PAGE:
Beginner Acrylic Painting - Still Life | Linda Celestian | Skillshare

Beginner Acrylic Painting - Still Life

Linda Celestian, Learning to paint is fun

Beginner Acrylic Painting - Still Life

Linda Celestian, Learning to paint is fun

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7 Lessons (33m)
    • 1. Painting Still Life Intro

    • 2. Painting Still Life Set up and Layout

    • 3. Painting the Box

    • 4. Painting the Seashell

    • 5. Painting the Mug

    • 6. Painting the Background

    • 7. Painting Still Life Wrap Up

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About This Class

Acrylic painting class - how to paint still life. Everything you need to know to create beautiful still life paintings. From set up and layout on the canvas, color mixing, general blocking in to adding details.


Meet Your Teacher

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Linda Celestian

Learning to paint is fun


I'm a fine artist and a teacher. I've been painting for 30 years and teaching for 15 years. Life is short but you can keep it fun by trying new things.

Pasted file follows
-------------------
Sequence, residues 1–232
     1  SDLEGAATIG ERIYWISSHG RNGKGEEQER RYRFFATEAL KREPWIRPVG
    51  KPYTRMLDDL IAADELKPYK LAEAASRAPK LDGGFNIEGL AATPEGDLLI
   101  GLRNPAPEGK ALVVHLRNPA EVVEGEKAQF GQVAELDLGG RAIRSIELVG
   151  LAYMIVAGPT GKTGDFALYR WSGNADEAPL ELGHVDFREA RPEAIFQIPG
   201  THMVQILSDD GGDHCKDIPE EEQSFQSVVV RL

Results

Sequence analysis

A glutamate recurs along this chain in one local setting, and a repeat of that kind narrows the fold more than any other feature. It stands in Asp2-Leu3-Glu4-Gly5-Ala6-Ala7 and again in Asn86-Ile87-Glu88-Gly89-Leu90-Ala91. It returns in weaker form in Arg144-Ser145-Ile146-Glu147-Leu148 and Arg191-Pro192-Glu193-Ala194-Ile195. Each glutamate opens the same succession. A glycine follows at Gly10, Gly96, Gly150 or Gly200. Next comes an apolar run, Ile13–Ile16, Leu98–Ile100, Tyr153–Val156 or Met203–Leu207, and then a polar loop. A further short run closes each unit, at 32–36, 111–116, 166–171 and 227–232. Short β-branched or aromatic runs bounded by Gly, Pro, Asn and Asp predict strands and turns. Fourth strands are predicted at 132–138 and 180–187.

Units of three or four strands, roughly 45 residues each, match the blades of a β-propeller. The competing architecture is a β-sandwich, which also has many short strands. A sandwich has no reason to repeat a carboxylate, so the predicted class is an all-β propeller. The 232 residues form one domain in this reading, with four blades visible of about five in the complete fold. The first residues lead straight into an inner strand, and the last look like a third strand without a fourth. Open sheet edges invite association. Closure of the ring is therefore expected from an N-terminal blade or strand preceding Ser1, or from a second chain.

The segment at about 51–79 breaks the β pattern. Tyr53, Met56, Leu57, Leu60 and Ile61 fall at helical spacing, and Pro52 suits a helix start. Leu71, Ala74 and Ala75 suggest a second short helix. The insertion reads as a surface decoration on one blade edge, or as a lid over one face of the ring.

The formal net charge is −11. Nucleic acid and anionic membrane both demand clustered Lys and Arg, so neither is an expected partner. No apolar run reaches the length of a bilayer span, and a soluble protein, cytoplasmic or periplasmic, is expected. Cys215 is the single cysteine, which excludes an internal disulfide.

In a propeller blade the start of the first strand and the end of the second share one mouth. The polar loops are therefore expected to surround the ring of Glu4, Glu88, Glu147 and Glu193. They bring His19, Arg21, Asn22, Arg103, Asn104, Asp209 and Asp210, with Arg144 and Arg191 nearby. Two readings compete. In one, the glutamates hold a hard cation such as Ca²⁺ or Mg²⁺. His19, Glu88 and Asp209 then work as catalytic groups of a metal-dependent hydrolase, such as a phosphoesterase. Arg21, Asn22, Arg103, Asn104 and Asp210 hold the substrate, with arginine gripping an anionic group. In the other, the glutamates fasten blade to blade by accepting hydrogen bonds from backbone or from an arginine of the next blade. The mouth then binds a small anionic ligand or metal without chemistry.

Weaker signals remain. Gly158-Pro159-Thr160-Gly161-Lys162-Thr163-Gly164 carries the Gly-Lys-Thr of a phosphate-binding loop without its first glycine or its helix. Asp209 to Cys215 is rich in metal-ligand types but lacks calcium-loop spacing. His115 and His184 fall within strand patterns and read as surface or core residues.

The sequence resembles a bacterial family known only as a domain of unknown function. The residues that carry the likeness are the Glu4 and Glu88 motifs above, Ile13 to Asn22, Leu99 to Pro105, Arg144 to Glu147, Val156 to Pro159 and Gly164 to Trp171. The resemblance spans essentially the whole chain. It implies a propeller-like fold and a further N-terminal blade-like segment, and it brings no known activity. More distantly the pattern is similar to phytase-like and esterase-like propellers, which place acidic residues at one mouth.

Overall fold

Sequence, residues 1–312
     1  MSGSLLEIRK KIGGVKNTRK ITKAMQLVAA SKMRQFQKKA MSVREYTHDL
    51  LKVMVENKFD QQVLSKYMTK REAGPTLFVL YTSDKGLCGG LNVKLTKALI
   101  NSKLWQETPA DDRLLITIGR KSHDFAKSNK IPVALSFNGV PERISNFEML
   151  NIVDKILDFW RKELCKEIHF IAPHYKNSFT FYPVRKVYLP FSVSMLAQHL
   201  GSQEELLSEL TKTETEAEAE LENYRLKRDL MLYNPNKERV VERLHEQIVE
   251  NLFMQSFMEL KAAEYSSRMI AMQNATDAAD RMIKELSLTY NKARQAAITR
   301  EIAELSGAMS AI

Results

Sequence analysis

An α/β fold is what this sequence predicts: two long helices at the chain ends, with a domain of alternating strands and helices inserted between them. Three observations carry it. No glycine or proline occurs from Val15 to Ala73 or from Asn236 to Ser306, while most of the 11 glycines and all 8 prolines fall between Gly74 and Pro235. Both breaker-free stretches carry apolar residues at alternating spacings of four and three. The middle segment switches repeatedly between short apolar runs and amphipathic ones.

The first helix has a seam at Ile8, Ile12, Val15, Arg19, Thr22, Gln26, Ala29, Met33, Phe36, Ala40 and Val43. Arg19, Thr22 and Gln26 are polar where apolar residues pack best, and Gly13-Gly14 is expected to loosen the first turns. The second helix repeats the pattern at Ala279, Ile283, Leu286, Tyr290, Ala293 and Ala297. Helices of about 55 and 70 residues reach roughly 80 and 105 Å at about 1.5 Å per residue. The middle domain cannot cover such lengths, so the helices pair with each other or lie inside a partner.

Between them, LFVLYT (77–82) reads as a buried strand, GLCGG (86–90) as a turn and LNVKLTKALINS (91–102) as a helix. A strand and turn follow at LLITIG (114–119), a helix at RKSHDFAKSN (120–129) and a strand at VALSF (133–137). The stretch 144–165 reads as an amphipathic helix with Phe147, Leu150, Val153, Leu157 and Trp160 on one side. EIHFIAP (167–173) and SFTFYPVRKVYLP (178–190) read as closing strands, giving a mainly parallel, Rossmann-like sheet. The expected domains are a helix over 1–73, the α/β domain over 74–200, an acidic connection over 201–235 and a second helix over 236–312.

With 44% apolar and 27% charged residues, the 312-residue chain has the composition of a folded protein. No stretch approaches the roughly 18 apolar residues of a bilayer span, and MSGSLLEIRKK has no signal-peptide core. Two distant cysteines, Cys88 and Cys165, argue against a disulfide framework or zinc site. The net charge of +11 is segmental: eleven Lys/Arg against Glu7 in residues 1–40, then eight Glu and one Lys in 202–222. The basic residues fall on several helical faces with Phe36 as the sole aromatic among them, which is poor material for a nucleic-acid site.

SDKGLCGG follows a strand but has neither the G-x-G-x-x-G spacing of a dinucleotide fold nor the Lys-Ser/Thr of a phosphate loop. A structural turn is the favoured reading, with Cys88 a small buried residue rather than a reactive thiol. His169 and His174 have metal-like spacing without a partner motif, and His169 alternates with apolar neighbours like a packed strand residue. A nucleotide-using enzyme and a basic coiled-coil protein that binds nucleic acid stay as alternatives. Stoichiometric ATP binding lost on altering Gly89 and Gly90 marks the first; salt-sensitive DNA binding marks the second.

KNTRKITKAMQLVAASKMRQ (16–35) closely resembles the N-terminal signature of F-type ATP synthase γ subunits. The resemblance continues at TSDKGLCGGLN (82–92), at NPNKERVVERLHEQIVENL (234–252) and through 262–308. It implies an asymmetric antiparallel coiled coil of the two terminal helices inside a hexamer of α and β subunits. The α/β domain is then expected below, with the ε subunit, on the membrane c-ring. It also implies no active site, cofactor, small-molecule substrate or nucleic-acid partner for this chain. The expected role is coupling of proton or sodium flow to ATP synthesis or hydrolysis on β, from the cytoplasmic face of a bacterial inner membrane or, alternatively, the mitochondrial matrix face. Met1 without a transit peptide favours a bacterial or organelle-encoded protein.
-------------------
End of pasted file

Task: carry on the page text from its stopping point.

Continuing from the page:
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1. Painting Still Life Intro: by my name is Linda Celestine. Welcome to my class on how to paint Still in this class. I'll go over how to set up a still like how to lay out your composition on your canvas color mixing and working from general blocked in colors, adding details. Thanks for joining my class. Let's get started. 2. Painting Still Life Set up and Layout: Okay, so I'm ready to set up my still life. I have a card table here pushed up against a wall. If you don't have a role, uses backdrop, we just have a busy background. Sometimes I make these boards. These are wrapped with its actually interfacing white interfacing. And then I put an easel back on them. I think that's in my drawing class that I explain how I make these, and then I would set up my still life in front of that. I don't need this since I have the white wool. So let's start pulling some objects and I'm gonna play a little bit with fabric my green apple about seashell lynch mug. So I'm gonna look through here to see what the composition is, so I can paint something that's really cropped, something like that, or I can show more of the background. So I think the drapery it's making it very busy. So I decided to get rid of the fabric to simplify it. And I moved shell facing the other way here. I'm showing you how you could use your cell phone as a viewfinder to establish the composition that you want. Comparative measuring is a tool used to accurately draw the composition on my campus. So here, on holding up my pencil and using the tip of my pencil to measure the distance between the top of the box to the top of the mug, and then I'm comparing that measurement to muck. So here, looking at my sketch, I take that measurement again and see if I'm accurate in how I've drawn the mug in comparison to the size of the box. Here, I'll use the same technique and measure the size of the apple and compare that to the box where the shell comes in on the box. It's important to keep your arms straight when you're doing this, because the that creates a variable and then you see you take the measurement of the apple and move it down that same distance on the box. And that's where the shell was coming in that shell up a little bit. You can use pencil or paint toe layout your canvas. I started with pencil, but I decided to switch to paint so it would show up better on camera so you can work on this as long as you want I'm using some white paint here to move some things around on. I'm checking my measurements and then we'll be ready to paint. 3. Painting the Box: I'm going to start with the blue box and first thing I do is mix three values of blue. I go over this in my beginner painting class called Understanding Value. So the first thing you mix is theatrical color of the box, which is called the huge. Here. I'm using ultra marine blue with a little bit of crimson red mixed in and a little bit of boy. After I have this color mixed, the other colors will be taking from this color, so I make three piles of the blue one that will stay the same. The next one will be mixed with weight to get the highlighted version of the color, and the last one will be mixed with the complementary color, which in this case is burnt sienna. Mix the tone, which will be used for the shadow side of the box. You use the complementary color, the complementary color of blue. It's orange, so I'm using. This burnt sienna is orange and I actually add a little bit of the crimson red in just to keep it to the purple side and not to brown. I'm going to mix a little bit of Matt Medium and retard er into the paint. Matt medium helps the pain be more fluid for smooth application, and the re tartar will help it from drying out too quickly. Acrylic paint dries out. Really? Okay. Now look at your still life set up and decide which playing of the cube is the lightest, which is the medium and which is the darkest. Sometimes I use my phone. I take a picture of the still life and change it to a black and white photo. This way I can see where the lights and darks are in the set up. This can be confusing sometimes, especially if you have multiple light sources. I'm starting with the hue and putting it on the far side of the box. It looks like this is coming out very transparent, so I will probably have to give a second coat on this with acrylic. The paint dries fairly quickly so you could go back and give it a second coat. The next value I'm using is the tint, and I'm using it on the top of the box because my light is coming from above when you switch colors from the 10th to the tone you want to make sure you wipe off your brush because you don't want white in your shadow. Okay, so here I'm using the tone to paint the shadow from the mug. Here we could see that that whole area was not as dark was the shadow from the mug. So I went back to the tent andan. I mixed a lighter tint for the top of the box. I let that dry, and then I gave it a second coat and added some details, like the shadow under the apple. 4. Painting the Seashell: now I'm gonna mix the colors to paint the seashell. I'm starting with a dark gray, amusing, altering blue and burnt sienna. When I'm mixing a gray I often and a little bit of white to check the 10. This looks like it might be a little bluer that I'm looking for a little bit warmer grace on any more burnt sienna. So I check it again by adding some white, and this now is a much warmer gray. So I'm going to go with that. So now I'm going to take some of it and mix white in to it, creating out 10 and I save some of that. It makes more white into it so that I'll get the entire value scale from dark to light. If you do this mixing ahead of time, you're gonna save yourself from having to mix with your brush to get all these different variations in value. So then I mixed a gray that was a little bit warmer that I saw in the Schellas. Well, and I'm gonna mix variations of that. So when you start out, you just want to be paying attention to the lights and darks in a general sense. I'll put down a layer here, this sort of loose and blocking, and then I'll go back in after it drives and add details. - So I let the seashell dry, and I'm going back in with some softer, smaller brushes for details. I've had to mix the colors again because I let it dry because I was working on the mug over here. But you get used to mixing these colors pretty quickly, just takes practice. 5. Painting the Mug: to mix the colors for the orange mug. I used Indo orange red in cadmium, yellow, lemon. Once you have a huge by the into three portions, the 1st 1 will get mixed with white to create the tents. The 2nd 1 will get mixed with complementary color, which in this case is ultra marine blue. - Now we're ready to paint the orange mug and I start by just painting it in a very general way, noticing all the lights and darks just like the other objects. I'm gonna go back in on a second layer to get more details here. I mixed some purple E grays for the inside of the mug, and I just used the orange ultramarine blue and the littering Crenson and then created some tents with white. I used a piece of tracing paper to correct the drawing of love, just folded it in half, and then I could see where I needed to make corrections. Now I'm working on the second layer on first layer dry. I actually had to remix the colors, but this state you can look for reflections on ceramic mug reflective surfaces are a little bit of a challenge. I think I could have worked a little longer on this plug. It wasn't completely happy with it. 6. Painting the Background: the last step in finishing up. The painting is dealing with the table and the wall colors and on the and there's some shadows under the objects on the white table. So it's a lot of different greys. I had a lot of footage of me mixing these colors, and I couldn't get it matched up with painting, so I'm just gonna talk you through it. The first grey I mixed is a dark grey for the shadows under the objects, specifically the shadow under the lug. Here I used ultra marine blue mixed with burnt sienna that will give you should give you a neutral gray. If you mix more burnt sienna in than ultra, Marie will get a warmer gray. If you mix more ultra Marine than burnt Sienna, you get cooler gray, so it kind of played with that. Also, I mixed some values that were a little bit orangey because of the mud. Casting an orange cast of color onto the white table for the wall color, I mixed a neutral gray with burnt sienna and ultra marine blue with a little bit of yellow extent, cadmium, yellow 7. Painting Still Life Wrap Up: Thank you for taking my class. I hope you enjoyed it. Just remember, for this class I set up a very simple, still life. But still, life doesn't have to be boring if you're looking for inspiration. And take a look at some famous artists work such as Andrew Wyeth or Giorgio Key. I've admired their work for a long time. And when I painted still life, I chose objects that were appealing to me and floated them on imaginary backgrounds. You don't necessarily have to have table top set ups all the time. I hope you enjoyed the class. Please upload your work and happy painting.